Hello, loves, happy Monday! I just finished up a short road trip with my parents, and had the opportunity to watch the film, Crazy Rich Asians, which I both loved and hated for reasons I’ll explain down below.
Since the first trailer came out in April 2018, I have been HYPED for this movie. I’m half Singaporean-Chinese, and not only is this film a romantic comedy (one of my favorite genres), but it showcases the country I consider my second home. I remember growing up and having my classmates tell me that Singapore isn’t a real place, because they couldn’t find it on a map, or telling me that my Singlish phrases sounded stupid. When I went into the movie theatre, I was excited to finally have proper Singaporean representation.
Unfortunately, that’s not what happened. Hollywood first touted this film as the representation all Asians needed and deserved, citing the cast decisions, which is the first all-Asian cast in over 25 years. Then, after the movie started receiving criticism, they backtracked and instead said that this movie wasn’t meant to represent all Asians. That’s all well and good, but the premise of the story is about an Asian-American being plunged into the elite world of Singapore, and this film did a horrible job of representing Singaporeans.
The accents were American and British, with hardly two lines of Singlish throughout the entire 120 minutes. Despite the fact that over a quarter of the actual national population is Malay, Indian, Sri Lankan, etc, the only time the movie showed brown-skinned people was as servants. Nick Young’s grandmother speaks Mandarin Chinese, even though in traditional Singaporean families the matriarch will speak Cantonese and Hokkien. Eleanor Young’s emerald ring should have probably been jade, if it really was passed down through the generations.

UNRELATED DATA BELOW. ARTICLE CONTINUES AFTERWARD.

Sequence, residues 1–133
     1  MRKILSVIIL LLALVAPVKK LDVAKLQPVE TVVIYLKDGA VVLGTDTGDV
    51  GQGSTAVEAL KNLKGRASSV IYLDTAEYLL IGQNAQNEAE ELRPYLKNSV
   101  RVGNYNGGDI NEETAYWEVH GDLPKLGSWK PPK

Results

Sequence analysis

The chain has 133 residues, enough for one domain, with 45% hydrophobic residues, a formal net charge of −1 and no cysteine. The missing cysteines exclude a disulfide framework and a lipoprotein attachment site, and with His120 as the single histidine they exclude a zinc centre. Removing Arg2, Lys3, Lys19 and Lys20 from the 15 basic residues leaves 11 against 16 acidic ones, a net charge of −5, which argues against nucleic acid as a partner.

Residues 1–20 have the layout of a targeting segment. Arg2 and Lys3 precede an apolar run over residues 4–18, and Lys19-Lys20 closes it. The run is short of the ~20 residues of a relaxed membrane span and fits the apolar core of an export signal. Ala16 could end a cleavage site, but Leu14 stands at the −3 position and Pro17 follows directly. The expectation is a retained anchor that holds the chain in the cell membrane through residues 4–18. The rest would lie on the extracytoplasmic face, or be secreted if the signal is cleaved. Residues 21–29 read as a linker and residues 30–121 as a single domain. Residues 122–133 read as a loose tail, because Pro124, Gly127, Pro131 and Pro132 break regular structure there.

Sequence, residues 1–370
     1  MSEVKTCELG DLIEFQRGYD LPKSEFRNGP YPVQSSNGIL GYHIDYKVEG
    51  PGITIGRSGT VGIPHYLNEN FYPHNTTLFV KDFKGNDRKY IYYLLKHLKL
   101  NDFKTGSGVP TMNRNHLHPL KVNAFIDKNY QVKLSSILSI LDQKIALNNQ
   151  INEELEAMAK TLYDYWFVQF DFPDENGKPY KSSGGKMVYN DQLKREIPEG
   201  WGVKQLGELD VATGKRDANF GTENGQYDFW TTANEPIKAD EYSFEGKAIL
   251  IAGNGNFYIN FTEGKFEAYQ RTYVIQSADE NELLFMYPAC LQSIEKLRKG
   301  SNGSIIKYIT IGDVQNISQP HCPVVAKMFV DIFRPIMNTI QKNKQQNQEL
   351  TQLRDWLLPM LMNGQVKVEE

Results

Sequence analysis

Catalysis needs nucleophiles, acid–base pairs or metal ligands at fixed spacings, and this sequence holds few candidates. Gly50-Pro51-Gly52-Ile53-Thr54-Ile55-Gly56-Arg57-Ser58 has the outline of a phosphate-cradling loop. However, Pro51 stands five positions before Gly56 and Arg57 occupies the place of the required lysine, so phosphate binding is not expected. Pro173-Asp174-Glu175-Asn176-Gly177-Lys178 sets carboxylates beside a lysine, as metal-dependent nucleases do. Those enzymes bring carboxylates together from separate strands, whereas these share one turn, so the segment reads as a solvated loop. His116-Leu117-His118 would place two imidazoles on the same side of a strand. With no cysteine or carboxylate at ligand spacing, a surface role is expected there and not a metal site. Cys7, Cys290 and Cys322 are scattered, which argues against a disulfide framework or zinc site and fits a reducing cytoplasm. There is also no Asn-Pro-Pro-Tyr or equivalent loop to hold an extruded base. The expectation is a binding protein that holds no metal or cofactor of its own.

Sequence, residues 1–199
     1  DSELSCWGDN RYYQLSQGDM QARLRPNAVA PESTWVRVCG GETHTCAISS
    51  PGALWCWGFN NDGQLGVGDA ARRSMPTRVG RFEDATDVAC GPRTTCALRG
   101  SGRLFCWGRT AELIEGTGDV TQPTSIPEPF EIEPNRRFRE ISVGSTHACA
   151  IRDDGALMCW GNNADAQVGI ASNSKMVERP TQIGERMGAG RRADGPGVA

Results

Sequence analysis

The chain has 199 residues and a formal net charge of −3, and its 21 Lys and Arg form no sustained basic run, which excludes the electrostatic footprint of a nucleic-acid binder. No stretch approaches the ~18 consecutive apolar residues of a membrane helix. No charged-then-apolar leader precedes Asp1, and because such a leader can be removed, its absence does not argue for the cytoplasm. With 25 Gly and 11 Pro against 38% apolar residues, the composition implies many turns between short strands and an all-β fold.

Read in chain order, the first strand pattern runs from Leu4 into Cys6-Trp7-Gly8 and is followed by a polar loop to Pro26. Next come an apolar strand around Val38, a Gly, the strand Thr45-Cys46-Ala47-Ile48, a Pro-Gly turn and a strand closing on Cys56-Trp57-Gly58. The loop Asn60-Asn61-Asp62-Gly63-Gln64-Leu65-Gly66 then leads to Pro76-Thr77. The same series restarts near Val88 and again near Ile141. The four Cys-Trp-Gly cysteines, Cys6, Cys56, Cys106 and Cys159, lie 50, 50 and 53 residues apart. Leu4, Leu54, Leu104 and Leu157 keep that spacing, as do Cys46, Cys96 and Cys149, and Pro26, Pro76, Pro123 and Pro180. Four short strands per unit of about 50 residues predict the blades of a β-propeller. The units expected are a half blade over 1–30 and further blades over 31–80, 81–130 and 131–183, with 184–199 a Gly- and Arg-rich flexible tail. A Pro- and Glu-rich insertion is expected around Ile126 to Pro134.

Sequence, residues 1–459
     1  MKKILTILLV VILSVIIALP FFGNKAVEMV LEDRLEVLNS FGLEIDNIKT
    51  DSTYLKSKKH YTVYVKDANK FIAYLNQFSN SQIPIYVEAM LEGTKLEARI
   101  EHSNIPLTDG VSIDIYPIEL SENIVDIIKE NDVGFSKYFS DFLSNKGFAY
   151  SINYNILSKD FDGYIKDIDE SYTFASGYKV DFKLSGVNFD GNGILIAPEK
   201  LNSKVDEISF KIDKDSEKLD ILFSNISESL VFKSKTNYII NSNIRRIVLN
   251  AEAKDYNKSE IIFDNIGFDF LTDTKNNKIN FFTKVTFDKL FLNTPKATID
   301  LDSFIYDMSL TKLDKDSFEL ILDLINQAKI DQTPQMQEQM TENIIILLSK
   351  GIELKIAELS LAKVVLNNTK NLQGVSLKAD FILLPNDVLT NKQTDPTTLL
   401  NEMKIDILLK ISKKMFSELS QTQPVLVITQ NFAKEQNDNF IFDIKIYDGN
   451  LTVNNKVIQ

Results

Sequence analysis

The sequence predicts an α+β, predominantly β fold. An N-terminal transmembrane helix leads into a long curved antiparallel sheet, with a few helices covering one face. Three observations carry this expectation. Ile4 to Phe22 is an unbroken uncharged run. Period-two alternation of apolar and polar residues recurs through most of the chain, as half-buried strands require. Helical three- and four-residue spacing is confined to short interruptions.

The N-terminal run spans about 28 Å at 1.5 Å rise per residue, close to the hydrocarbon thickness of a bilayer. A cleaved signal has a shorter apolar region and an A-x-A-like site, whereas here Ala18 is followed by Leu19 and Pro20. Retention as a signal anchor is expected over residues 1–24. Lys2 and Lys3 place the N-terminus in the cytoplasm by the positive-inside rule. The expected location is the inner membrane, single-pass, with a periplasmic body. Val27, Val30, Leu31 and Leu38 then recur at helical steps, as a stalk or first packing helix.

As usual, Hollywood jumped the gun.
This movie is wonderful in that it is the first all-Asian Hollywood cast in decades. I’m so happy that, finally, Asian men are being portrayed as sexy and masculine, and that Asian women are being given Cinderella-style happy endings. The showcasing of traditional Singaporean food, like pandan cake and klepon, made my stomach growl and my mouth water in the theatre. The days of Asia being portrayed as simply Chinese kung-fu, Japanese tea ceremonies, and Indian slums are hopefully over in American television.
Unfortunately, this movie doesn’t accurately represent Singapore. To applaud this movie for at least not having a Caucasian actor play the protagonist (ahem, Scarlett Johansson and Emma Stone, I’m looking at you) is to accept a poorly-made hand-out. Hollywood can and should have done better. They should have done their research, they should have hired language coaches, and they shouldn’t have stretched their original promises to try and include ‘all Asians’. In the end, that is the exact same racist attitude that has been prevalent in our country for too long. The Asian identity is multi-faceted and too complex to ever be boiled down into one story – you cannot possibly make one film that explores all the heritages of Indians, Chinese, Koreans, Filipinos, Japanese, Malaysians, Indonesians, etc. etc.
Crazy Rich Asians didn’t do a good job of truly representing Singapore, but, hopefully, the small but significant backlash will inspire Hollywood to stop making blanket statements about diversity, and to actually create a multitude of Asian-led movies. I look forward to the day Hollywood starts telling stories that are as unique and intricate as the people sitting in the audience.